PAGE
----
I killed my buff with a 75@29 1/2 inch Black Widow MAII, a 1080 grain arrow (double aluminum arrow 1716 inside a 2020), a 160 gr 2 blade STOS head on a 125 grain steel adaptor. This arrow chrony'd an average of 165 FPS over a bunch of shots. I did not feel that I was overbowed for buffalo at all. I got into the cresting, broadhead likely at the offside rib, on a good broadside hit at 15 yards. I would do it again, but not with any less bow. I too had the same questions - "how much do I need" - and found that the working up to the bow weight (from my typical low 60's hunting bow to 75 lb buff bow) wasn't that hard. It just took some work.

That's just my experience.

Now, if you are already at 80 lbs, why go DOWN in bow weight on probably the biggest animal you will ever shoot at? Trust me, the buffalo can't do math, and don't realize that a 23.1345% FOC and 0.578394 slug momentum is the point at which they HAVE to succumb to your arrow. They're pretty tough critters, and you'll be REAL thankful for all the bow/arrow combo you can get when you're getting ready to put an arrow in one. My "ah ha" moment (or "oh crap" moment) on that came when I was up a tree videoing a big bull at 20 feet giving me the stinkeye while my bow was leaning against the bottom of said tree. At that point I wouldn't have shot THAT buffalo with ANY arrow!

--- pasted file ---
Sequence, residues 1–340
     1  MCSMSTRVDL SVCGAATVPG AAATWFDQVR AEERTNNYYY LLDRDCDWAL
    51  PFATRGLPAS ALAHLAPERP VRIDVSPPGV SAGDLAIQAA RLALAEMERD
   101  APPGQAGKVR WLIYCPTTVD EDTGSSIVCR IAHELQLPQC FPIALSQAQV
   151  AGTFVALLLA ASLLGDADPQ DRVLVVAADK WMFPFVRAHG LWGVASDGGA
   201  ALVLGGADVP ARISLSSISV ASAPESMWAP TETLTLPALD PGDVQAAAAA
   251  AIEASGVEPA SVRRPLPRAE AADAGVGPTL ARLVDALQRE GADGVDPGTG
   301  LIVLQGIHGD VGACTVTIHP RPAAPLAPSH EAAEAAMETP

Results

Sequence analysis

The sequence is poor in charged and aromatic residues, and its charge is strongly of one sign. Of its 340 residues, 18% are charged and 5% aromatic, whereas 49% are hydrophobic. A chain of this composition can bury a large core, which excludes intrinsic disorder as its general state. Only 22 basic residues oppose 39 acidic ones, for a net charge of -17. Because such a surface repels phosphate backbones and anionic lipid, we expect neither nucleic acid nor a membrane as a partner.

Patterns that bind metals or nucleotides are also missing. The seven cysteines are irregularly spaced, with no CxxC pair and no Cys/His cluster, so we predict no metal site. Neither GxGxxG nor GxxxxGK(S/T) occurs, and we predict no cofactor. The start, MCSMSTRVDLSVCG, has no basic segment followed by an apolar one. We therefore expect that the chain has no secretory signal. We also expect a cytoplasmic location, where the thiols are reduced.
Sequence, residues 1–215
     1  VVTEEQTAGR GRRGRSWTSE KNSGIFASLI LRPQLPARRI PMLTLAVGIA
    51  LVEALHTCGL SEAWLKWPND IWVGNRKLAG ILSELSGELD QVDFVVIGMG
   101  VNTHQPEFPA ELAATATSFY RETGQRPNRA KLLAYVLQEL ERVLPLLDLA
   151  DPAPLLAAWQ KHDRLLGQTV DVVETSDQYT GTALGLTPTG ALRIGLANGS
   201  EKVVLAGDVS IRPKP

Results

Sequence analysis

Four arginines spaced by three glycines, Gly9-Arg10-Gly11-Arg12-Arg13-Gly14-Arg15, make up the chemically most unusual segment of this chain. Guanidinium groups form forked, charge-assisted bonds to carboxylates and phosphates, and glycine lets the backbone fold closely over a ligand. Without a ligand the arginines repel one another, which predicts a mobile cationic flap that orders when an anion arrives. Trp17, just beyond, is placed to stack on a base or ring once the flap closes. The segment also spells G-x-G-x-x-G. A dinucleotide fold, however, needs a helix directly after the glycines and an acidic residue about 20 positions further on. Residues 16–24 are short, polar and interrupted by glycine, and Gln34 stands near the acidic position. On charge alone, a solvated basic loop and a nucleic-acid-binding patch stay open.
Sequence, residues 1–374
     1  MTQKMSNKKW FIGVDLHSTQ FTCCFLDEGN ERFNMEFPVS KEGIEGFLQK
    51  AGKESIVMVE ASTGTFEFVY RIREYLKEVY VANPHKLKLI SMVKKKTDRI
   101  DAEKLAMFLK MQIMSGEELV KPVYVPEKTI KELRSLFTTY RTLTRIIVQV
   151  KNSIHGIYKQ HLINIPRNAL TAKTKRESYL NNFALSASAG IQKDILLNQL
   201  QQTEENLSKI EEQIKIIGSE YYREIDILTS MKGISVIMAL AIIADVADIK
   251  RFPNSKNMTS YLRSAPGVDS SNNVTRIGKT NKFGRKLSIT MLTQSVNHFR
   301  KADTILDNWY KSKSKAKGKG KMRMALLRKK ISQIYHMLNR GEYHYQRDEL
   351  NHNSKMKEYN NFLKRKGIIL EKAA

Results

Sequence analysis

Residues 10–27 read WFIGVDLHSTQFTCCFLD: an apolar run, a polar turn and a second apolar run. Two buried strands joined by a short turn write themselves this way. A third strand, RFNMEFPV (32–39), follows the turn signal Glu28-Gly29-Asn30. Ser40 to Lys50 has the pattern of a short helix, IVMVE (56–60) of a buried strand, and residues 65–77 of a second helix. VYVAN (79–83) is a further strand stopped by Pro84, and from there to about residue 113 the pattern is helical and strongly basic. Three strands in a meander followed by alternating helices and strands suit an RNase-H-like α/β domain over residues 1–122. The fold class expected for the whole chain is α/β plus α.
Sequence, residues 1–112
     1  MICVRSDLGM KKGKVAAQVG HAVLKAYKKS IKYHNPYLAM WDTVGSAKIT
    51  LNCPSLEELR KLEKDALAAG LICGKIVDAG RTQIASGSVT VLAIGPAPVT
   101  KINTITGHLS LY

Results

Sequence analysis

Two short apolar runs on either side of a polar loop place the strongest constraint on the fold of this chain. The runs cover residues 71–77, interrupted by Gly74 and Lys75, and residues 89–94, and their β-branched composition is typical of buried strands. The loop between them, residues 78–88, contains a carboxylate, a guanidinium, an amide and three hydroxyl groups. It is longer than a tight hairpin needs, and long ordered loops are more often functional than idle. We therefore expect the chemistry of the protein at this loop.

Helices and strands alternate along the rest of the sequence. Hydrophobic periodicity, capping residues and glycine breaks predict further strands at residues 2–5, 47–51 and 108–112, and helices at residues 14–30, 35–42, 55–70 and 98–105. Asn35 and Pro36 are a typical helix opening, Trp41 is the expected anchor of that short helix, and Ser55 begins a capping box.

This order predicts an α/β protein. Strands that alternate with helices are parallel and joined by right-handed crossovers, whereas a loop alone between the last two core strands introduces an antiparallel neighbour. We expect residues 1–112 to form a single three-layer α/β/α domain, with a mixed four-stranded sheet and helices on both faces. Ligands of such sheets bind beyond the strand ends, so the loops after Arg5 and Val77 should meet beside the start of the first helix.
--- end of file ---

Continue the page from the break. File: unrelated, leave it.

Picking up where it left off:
Ryan

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duncan idaho
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Traditional Archery is a martial art, just like any weapon used, you have to be physically trained to use it.Match your bow to the game hunted, if you need to go up in bow weight, start a physical training program to increase your strength.Training to use a heavier bow is part of the hunt, you owe it to your adversary to come ready to compete.

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" If wishes were fishes, we would all cast nets".

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Margly
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quote:
Originally posted by duncan idaho: